A Canada for all Canadians
The Canadian Chamber of Commerce’s mission is to foster business competitiveness and a strong economic environment that benefits all Canadians. To deliver on this mission, we are committed to inclusive growth and enhancing support for members to fill their talent and skills gaps, and in doing so, increase opportunities for underrepresented segments of the Canadian population to participate fully in the economy and ensuring an inclusive recovery.
Our prosperity depends on a strong business community that is able to innovate, attract talent and capital and expand into new markets. Ensuring all Canadians—from all sectors, regions and backgrounds— have the opportunity to participate in, and rise up through, the workforce is one way to address this issue. During the recovery from COVID-19, this is truer than ever.
Diversity and inclusion in the workplace fosters creative thinking, innovation and problem solving, providing organizations—and the country—a competitive advantage. Research shows the most successful organizations are creating diversified and inclusive workplaces in which individual differences and the contributions of all employees are recognized and valued.
Inclusion also makes financial sense. Improved participation rates could add 2.2 million workers to the labour force by 2040, including more women, Indigenous peoples and persons with disabilities. Not to mention grow our economy by $101 billion.
Our inclusive growth work builds on our efforts in the area of fostering diverse and inclusive workplaces and will support businesses looking to fill their talent and skills gaps, expanding their workforce base. In doing so, we will enhance opportunities for underrepresented segments of the Canadian population to participate in the economy and foster stronger communities across the country, resulting in a more prosperous Canada that benefits all Canadians.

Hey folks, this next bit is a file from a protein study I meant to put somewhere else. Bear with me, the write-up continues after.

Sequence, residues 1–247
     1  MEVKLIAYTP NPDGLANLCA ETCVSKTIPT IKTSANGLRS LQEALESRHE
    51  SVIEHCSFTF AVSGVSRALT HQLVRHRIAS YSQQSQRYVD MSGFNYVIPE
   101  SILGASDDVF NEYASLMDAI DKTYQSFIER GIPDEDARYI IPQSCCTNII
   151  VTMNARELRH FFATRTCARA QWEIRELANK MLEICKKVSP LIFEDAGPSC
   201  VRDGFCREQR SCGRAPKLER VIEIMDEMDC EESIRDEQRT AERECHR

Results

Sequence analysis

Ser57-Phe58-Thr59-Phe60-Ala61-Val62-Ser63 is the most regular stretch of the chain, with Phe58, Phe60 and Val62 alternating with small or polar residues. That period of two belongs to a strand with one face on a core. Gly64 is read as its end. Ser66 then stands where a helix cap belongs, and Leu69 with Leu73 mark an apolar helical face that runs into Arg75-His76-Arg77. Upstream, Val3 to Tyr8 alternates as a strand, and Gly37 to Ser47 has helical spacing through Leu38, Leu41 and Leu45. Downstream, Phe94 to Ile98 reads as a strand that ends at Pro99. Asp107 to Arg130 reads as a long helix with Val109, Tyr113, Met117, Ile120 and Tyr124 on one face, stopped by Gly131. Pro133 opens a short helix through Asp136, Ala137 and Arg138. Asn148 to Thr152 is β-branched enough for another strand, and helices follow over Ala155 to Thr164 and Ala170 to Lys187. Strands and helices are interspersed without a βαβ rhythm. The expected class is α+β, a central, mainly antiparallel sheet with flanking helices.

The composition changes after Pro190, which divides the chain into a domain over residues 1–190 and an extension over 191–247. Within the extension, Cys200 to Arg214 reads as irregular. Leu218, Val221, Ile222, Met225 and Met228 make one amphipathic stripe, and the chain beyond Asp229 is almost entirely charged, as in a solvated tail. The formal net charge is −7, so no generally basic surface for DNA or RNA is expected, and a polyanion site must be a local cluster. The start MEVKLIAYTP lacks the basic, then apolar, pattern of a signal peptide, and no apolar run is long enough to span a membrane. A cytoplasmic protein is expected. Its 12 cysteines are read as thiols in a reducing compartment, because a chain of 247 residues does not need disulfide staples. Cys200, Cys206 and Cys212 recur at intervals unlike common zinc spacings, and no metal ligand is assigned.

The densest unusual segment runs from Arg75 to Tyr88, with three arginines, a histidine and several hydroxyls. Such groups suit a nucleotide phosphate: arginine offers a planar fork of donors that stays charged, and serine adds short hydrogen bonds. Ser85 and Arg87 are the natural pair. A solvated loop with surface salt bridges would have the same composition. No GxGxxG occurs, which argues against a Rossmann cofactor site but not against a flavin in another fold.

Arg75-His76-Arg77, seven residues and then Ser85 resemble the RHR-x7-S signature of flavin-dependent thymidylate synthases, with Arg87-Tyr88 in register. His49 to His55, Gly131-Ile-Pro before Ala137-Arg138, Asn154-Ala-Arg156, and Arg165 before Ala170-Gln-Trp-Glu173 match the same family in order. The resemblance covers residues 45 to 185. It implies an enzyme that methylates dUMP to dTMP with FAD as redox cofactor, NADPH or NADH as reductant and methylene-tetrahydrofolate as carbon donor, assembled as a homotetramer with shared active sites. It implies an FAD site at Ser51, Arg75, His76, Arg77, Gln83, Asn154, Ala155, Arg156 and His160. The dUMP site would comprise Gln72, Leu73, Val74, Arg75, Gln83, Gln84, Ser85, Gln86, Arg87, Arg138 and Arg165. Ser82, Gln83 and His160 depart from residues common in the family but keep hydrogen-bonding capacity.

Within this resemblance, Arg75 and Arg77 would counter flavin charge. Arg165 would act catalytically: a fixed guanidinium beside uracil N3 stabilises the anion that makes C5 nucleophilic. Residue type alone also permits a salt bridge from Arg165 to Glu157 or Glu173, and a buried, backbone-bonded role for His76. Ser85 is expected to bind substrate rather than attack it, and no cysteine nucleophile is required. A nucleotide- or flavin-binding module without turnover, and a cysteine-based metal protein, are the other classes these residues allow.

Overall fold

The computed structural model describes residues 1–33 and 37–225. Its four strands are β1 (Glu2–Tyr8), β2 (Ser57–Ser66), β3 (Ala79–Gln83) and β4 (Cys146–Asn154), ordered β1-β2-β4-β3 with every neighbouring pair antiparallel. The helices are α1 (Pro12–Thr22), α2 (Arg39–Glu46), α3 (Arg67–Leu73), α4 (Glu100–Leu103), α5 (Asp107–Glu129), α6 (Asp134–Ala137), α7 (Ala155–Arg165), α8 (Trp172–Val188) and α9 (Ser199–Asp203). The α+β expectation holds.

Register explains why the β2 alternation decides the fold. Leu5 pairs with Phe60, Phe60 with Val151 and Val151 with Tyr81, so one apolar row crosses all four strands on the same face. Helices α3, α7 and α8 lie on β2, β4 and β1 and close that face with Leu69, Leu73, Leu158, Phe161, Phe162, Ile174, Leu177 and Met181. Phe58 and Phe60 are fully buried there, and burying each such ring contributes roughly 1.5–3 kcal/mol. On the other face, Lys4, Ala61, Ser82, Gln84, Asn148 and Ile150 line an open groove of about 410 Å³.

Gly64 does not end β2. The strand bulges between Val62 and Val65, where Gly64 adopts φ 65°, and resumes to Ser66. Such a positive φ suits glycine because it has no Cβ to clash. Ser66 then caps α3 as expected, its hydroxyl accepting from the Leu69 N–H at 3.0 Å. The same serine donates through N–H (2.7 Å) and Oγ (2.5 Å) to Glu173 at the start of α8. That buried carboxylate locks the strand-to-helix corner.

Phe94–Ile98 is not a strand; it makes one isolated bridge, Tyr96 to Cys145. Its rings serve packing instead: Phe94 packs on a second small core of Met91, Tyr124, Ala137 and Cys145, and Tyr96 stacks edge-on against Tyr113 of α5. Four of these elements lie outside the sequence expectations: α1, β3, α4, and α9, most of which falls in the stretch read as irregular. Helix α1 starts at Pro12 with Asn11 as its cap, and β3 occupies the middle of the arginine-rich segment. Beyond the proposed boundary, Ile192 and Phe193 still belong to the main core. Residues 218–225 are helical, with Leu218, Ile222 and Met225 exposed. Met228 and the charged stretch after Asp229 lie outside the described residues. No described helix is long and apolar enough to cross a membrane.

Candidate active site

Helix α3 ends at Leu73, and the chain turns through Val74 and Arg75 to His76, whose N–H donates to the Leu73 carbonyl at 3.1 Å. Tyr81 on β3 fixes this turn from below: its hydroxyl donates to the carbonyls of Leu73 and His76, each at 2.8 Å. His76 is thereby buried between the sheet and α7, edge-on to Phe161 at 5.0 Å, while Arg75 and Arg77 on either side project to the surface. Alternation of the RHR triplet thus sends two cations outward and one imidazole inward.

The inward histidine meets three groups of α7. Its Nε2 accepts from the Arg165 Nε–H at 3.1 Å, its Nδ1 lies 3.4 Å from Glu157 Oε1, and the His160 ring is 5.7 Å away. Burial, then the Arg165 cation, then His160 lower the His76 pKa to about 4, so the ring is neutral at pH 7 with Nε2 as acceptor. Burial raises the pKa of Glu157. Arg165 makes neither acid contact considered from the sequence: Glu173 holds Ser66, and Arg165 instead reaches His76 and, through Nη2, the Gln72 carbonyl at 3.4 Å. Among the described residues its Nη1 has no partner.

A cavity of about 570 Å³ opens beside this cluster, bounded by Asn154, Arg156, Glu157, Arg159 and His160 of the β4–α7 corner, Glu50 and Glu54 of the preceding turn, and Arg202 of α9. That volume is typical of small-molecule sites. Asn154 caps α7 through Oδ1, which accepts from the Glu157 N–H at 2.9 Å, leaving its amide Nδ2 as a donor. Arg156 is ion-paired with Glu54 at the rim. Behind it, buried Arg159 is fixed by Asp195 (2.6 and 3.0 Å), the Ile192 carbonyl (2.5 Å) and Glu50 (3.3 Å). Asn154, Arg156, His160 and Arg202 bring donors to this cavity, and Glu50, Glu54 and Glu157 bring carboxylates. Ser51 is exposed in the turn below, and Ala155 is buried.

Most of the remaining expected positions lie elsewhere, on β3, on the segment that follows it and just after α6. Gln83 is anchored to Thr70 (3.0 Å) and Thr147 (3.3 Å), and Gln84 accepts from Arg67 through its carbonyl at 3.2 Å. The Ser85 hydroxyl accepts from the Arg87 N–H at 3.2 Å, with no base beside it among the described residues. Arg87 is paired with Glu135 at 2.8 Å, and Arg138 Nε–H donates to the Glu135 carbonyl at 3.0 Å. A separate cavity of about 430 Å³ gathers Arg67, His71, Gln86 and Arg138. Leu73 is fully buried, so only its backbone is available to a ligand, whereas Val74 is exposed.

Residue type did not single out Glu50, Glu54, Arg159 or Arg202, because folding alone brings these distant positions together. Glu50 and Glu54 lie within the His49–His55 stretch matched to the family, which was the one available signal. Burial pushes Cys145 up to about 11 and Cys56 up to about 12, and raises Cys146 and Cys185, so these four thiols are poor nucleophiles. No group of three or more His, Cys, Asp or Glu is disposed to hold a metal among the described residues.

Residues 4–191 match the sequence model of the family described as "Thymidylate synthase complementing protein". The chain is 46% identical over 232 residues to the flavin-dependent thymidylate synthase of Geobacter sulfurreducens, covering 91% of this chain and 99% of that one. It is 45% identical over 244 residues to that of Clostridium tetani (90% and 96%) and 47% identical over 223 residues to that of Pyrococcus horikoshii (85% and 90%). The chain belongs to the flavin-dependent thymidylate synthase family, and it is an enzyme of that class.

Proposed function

Council for Women’s Advocacy
The Council for Women’s Advocacy (CWA) is a cornerstone of the Canadian Chamber’s inclusive growth and recovery efforts. It has been established in order to bring the voice and perspectives of women to national policies, inform the Canadian Chamber’s initiatives in advancing the gender equality agenda, and drive meaningful action to address the identified issues and barriers.
With the onset of the COVID-19 pandemic, CWA members agreed to focus on recommendations for a gender-inclusive recovery.
Right now, women everywhere in Canada are facing many pandemic-related unknowns about their working lives. How do they keep working if their child is home from school amid an outbreak? How do they afford childcare when many jobs are in a precarious state? For those who are business owners, how do they keep their businesses open? Ensuring women have opportunities to fully participate in the recovery is essential for widespread job creation and sustained economic growth.
Canada is entering a period of cautious recovery and employment may not return to pre-crisis levels at any point soon. Available jobs and the skills required will shift. Employers might increasingly look to automation to maintain operations during future crises and reduce risk. Canadians will need reskilling, upskilling and skills training programs to get them back to work. Education and training will also change, including a greater need for online learning and durable skills, with a focus on both work-integrated and lifelong learning. A new normal based on the realities of a potential second wave and long-term impacts to businesses, communities and every aspect of the economy must be considered.